Oken withdraws insanity claim, pleads guilty to 3rd sex slaying

Convicted killer Steven H. Oken withdrew his claim of insanity yesterday and pleaded guilty in Baltimore County Circuit Court to murdering his sister-in-law, one of three victims in a 1987 spree of sex slayings.

Oken, 29, offered no words of remorse as he confessed to killing his wife's 43-year-old sister, Patricia A. Hirt, on Nov. 15, 1987, just two weeks after murdering and sexually assaulting a young woman in her White Marsh apartment.


A statement of facts presented in court said Ms. Hirt went to the Okens' house in White Marsh that afternoon to return a camera she had borrowed to take pictures of her daughter's graduation.

Ms. Hirt's sister, Phyllis, was away on a business trip, but she found a note on the door from her brother-in-law that read: "Pat, come in. I'm in the shower."


Once Ms. Hirt was inside, Oken attacked her, ripping her clothes off, raping her and beating her so severely that he knocked a tooth from her mouth and left her blood splattered throughout the house.

After the assault, Oken strangled Ms. Hirt, shot her in the head with a .38-caliber handgun and drove her car into a drainage ditch off White Marsh Boulevard, where he dumped her body.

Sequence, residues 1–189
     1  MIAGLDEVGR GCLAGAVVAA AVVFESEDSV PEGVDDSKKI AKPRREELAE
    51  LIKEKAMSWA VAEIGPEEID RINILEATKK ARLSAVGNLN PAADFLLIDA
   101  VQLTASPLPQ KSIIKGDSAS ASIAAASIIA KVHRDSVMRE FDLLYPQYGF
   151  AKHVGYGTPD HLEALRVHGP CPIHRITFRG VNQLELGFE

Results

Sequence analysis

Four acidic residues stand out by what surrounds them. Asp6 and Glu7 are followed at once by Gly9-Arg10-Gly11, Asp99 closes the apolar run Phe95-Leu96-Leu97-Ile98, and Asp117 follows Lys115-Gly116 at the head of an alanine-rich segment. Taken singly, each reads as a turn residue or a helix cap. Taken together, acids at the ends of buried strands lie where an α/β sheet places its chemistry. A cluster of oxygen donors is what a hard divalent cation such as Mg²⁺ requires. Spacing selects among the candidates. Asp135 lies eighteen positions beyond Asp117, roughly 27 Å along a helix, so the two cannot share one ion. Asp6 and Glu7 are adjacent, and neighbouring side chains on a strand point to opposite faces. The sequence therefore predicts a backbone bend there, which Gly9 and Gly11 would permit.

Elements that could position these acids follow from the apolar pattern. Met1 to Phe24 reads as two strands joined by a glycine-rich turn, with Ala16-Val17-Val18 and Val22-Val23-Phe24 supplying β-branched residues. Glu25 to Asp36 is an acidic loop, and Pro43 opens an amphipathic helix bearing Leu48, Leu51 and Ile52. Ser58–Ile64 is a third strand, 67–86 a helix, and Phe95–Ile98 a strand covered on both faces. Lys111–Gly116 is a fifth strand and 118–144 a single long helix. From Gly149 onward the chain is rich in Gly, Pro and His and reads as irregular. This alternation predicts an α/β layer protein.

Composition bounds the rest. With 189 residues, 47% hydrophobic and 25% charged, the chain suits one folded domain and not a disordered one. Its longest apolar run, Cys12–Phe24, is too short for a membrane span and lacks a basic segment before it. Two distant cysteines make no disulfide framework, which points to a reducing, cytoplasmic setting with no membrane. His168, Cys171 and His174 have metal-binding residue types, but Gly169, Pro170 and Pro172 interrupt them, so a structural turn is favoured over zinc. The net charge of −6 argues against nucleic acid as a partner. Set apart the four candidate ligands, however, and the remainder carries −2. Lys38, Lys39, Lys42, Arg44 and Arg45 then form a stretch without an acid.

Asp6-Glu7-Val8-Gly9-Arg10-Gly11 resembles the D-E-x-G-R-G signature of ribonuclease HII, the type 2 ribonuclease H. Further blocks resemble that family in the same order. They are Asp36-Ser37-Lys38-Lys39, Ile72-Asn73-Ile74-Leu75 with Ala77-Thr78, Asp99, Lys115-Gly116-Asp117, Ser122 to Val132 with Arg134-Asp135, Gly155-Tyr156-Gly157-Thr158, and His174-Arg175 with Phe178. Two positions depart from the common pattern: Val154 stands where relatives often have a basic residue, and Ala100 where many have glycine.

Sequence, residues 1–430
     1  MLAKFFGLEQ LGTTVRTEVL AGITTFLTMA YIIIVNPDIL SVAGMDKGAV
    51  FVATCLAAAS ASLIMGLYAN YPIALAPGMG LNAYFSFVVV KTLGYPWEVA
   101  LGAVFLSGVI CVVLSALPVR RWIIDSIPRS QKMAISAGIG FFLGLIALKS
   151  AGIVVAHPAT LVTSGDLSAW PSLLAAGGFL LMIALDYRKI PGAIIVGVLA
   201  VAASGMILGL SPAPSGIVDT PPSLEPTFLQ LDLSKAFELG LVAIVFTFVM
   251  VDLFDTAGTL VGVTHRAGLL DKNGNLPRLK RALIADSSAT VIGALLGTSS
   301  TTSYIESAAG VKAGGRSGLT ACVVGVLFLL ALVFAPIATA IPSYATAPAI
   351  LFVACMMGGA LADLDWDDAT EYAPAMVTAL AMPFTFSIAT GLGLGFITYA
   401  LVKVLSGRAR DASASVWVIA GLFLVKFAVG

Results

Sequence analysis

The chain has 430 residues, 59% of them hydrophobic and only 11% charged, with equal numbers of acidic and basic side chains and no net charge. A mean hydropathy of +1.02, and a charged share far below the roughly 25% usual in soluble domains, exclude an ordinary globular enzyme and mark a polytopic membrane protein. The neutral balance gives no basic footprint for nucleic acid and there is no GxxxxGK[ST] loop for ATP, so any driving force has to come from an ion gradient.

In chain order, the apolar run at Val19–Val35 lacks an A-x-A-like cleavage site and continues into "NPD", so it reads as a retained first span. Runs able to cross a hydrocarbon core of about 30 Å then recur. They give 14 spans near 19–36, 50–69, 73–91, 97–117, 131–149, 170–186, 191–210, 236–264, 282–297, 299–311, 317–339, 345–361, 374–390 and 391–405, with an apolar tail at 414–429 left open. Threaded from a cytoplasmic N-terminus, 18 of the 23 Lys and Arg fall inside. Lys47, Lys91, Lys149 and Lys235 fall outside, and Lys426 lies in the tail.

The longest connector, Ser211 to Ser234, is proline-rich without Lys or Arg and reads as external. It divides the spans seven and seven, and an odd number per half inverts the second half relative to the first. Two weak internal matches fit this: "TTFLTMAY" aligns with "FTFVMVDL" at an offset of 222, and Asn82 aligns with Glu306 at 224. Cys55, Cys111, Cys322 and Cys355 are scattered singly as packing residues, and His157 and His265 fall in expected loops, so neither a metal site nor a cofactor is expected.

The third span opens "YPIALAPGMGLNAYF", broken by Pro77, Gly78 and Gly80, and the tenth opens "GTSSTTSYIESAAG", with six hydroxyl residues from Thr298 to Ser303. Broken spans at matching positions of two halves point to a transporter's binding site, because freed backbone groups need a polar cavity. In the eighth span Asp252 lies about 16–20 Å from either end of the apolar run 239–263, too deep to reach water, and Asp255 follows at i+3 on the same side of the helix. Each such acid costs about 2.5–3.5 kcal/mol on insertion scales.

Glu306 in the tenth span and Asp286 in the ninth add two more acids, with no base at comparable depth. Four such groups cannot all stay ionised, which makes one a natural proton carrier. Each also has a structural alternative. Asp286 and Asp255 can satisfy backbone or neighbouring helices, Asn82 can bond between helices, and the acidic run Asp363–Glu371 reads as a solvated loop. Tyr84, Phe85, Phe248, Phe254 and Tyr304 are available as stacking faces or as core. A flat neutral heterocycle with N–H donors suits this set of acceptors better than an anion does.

He placed one of her tennis shoes on the body. The other was found later at Oken's house, which police searched after Ms. Hirt's father reported her missing.

The discovery of Ms. Hirt's body so close to the scene of the murder of 20-year-old White Marsh newlywed Dawn Marie Garvin led police to suspect Oken in both slayings, said prosecutor S. Ann Brobst.

He fled to Maine in his sister-in-law's car and, in an attempt to throw police off of his tracks, left behind a note for his wife that read: "I killed your sister, now I kill your husband," according to Ms. Brobst.

Once in Maine, Oken killed a motel clerk in the same manner with which he had murdered the two Maryland women. Police captured him a short time later and found in the car the gun he used to kill Ms. Hirt. The gun was speckled with her dried blood, Ms. Brobst said.

Charged with the murders of three women, Oken claimed he was not criminally responsible by reason of insanity and contended he suffered from a sexual mental disorder and substance abuse.

Yesterday, Circuit Judge James T. Smith Jr. asked Oken whether he was pleading guilty because he was, in fact, guilty.


Oken paused briefly, then stuttered, "Yes."

The judge imposed a sentence of life imprisonment and dropped lesser charges of sexual assault and weapon violations.

Ms. Brobst and fellow prosecutor Scott Shellenberger withdrew their petition for the death penalty in the Hirt murder. Oken already has received a death sentence for the Garvin murder, and there is a mandatory appeal.